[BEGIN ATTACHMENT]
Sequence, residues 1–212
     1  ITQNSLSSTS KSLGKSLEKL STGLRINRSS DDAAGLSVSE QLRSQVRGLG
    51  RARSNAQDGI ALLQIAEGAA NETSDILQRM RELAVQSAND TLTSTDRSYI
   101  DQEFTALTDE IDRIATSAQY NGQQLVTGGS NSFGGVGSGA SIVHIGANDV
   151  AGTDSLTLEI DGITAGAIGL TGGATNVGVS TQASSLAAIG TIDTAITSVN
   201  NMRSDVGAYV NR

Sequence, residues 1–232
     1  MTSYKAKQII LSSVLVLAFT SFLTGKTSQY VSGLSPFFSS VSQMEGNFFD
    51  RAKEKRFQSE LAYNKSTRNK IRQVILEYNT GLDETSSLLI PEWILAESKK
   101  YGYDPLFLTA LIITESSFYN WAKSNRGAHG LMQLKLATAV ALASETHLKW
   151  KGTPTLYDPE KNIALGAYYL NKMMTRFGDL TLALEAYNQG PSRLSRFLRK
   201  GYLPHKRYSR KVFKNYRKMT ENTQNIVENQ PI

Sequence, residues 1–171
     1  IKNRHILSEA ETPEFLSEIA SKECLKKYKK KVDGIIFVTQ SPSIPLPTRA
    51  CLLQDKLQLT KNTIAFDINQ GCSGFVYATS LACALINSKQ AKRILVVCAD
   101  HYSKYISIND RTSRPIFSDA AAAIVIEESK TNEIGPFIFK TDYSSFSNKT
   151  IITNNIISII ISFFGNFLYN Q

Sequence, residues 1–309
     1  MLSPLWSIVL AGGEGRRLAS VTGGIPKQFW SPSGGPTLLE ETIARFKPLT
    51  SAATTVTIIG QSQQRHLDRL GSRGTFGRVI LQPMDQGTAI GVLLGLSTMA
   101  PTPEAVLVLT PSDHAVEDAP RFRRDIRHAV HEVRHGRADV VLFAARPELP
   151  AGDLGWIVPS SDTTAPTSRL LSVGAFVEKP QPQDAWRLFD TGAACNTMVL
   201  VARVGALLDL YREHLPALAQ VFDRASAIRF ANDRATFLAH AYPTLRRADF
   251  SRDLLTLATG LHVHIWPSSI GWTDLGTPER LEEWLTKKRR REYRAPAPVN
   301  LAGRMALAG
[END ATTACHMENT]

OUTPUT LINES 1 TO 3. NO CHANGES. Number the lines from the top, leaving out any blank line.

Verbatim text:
Sequence, residues 1–212
     1  ITQNSLSSTS KSLGKSLEKL STGLRINRSS DDAAGLSVSE QLRSQVRGLG
    51  RARSNAQDGI ALLQIAEGAA NETSDILQRM RELAVQSAND TLTSTDRSYI